The Telegraph
Since 1st March, 1999
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Re-discovery of relief
- Karnal to California, a huge sigh

Aug. 9: It’s okay to breathe again. Discovery is home.

From Karnal to California to Cape Canaveral, the world sighed in relief today as the space shuttle glided safely back to earth, putting at rest the fears raised by the Columbia disaster two-and-a-half years ago.

Nasa employees hugged and broke out in cheers as they watched the live broadcast of the picture-perfect landing, transferred to Edwards Air Force Base in California because of cloudy skies over Florida’s Kennedy Space Center.

But the tragic figures of Kalpana Chawla and her six colleagues ' killed as Columbia blew apart minutes before its scheduled landing on February 1, 2003 'weren’t far from people’s thoughts.

Yeh saari duniya aur insaaniyat ki uplabdhi aur jeet hai (The safe landing is an achievement and victory for the world and humanity),” said Kalpana’s father B.L. Chawla, who had been glued to his TV set in Karnal, Haryana. “I knew Kalpana’s sacrifice would not go in vain.”

Chawla stressed that the Columbia tragedy had provided a roadmap to Nasa to rectify the problems that led to its disintegration.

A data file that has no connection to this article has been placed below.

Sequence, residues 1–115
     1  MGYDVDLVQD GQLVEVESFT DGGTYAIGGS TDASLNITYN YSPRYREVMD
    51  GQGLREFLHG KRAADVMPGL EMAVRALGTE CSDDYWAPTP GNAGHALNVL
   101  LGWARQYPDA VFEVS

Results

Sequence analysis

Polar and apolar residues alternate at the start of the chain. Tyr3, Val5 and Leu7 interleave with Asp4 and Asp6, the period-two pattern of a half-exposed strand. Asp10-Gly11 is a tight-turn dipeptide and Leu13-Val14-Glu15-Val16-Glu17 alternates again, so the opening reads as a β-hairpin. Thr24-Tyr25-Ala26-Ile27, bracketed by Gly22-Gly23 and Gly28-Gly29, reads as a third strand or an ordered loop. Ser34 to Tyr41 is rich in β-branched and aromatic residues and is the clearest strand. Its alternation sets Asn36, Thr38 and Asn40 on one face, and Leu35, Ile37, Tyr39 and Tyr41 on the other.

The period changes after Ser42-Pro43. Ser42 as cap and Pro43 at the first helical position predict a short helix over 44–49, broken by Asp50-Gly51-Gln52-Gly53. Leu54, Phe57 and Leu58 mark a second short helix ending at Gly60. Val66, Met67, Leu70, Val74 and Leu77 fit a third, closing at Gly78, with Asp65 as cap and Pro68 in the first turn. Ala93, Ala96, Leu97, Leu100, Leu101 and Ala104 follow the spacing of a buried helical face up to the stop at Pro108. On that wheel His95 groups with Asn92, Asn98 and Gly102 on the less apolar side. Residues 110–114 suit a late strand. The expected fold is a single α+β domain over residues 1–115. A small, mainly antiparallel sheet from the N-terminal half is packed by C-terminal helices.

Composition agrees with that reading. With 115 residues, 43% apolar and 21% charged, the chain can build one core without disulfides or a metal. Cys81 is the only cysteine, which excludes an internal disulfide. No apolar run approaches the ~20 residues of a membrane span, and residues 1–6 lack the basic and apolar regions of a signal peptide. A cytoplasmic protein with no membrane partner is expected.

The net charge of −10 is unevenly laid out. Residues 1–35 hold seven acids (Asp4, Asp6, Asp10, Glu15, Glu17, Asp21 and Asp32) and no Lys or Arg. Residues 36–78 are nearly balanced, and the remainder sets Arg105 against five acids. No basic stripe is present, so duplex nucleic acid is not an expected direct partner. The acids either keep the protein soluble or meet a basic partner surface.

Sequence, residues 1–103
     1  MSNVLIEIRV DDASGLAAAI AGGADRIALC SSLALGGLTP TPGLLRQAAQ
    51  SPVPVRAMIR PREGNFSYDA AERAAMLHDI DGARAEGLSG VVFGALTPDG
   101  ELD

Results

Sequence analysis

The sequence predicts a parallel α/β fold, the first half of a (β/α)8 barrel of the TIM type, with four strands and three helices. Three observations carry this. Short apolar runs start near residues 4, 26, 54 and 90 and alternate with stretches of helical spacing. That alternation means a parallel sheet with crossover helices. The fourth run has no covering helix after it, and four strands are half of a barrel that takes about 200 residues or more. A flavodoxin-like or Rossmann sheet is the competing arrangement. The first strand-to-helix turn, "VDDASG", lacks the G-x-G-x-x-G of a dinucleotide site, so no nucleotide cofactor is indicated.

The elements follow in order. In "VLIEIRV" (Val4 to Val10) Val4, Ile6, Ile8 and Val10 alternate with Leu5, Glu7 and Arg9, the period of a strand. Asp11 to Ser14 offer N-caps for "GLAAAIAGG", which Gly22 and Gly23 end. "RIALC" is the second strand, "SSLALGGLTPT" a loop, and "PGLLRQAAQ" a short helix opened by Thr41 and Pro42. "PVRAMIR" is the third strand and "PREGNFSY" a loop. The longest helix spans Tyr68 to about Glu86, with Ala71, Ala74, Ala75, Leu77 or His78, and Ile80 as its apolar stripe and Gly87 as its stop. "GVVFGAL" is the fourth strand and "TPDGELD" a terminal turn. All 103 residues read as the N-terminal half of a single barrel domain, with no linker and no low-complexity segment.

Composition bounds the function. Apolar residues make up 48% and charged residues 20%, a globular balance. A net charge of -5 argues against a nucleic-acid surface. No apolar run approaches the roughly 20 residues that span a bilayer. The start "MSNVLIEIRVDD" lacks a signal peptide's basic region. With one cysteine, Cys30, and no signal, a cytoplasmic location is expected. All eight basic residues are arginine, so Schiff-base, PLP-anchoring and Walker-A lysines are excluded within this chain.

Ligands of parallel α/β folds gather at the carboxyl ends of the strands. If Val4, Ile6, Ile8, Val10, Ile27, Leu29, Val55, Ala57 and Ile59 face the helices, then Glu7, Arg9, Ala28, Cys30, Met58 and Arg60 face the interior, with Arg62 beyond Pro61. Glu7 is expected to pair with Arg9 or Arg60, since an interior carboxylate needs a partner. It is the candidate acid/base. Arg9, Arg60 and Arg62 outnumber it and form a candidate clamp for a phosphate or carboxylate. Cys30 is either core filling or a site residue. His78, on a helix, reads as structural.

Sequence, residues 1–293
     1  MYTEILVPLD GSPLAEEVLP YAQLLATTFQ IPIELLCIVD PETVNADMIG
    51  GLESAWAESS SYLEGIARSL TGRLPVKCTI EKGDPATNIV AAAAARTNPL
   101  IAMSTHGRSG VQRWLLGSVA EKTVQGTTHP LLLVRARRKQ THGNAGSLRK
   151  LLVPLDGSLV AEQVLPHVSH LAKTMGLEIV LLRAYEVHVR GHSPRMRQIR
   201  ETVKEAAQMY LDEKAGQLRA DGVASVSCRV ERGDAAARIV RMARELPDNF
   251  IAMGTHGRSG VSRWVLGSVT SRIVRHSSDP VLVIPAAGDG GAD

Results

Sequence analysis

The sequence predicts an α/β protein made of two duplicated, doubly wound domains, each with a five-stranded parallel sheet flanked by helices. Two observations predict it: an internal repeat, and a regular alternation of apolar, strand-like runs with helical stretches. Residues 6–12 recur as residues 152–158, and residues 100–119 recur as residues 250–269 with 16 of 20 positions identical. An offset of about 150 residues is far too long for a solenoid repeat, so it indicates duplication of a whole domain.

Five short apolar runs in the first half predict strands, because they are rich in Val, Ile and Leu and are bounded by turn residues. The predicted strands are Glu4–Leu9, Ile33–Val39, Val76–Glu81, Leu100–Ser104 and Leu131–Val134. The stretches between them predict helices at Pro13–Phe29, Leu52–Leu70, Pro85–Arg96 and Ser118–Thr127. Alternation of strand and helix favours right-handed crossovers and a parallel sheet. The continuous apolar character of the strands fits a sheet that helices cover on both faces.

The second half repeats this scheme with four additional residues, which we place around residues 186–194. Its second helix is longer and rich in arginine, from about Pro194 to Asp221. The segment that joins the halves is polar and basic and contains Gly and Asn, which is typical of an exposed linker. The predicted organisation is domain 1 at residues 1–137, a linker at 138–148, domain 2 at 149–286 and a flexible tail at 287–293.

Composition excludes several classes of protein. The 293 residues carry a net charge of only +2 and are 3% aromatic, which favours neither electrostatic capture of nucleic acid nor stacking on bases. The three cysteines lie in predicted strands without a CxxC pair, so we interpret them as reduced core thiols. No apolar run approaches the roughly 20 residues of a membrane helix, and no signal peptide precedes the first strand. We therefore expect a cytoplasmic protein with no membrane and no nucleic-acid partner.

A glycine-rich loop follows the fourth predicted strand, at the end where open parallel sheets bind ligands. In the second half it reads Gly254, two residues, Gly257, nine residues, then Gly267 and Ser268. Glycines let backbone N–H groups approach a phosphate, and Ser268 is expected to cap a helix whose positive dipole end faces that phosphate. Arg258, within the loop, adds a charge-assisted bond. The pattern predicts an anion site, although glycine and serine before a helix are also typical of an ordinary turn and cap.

“They knew about Columbia’s problems and they repaired them in Discovery. Had it not been for Columbia’s sacrifice, Discovery would have ended in tragedy.”

London Times reporter Jacqui Goddard, who watched the landing with Nasa chiefs at Cape Canaveral, described the “great sense of relief” he saw around him.

“Dr Mike Griffin, the head of Nasa, said after the launch that he wouldn’t breathe out until he had ‘wheel-stop’ on the ground,” Goddard reported. “There were a lot of people here who were exhaling as it happened.”

So was Commander Eileen Collins, who piloted the shuttle in the final stages of its return. “Happy to be back,” she said moments after Nasa mission control announced “Discovery is home.”

At Karnal’s Tagore Bal Niketan Senior Secondary School, where Kalpana studied, teachers and students wore her favourite colour, red, as they held a special prayer for a safe landing by Discovery.

“It is a special day for all of us' (our) prayers have been answered,” said principal Rajan Kumar Lamba.

The space shuttle had carried photographs of Kalpana and her six colleagues. The picture of Kalpana was from her college days, showing her surrounded by photographs of aircraft and one of a space shuttle.

“As a father, I knew she was always with them (the Discovery crew), guiding them, inspiring them,” Chawla said. “The whole crew of Columbia to me was inside Discovery today.”

(Gajinder Singh in Chandigarh and agency reports)

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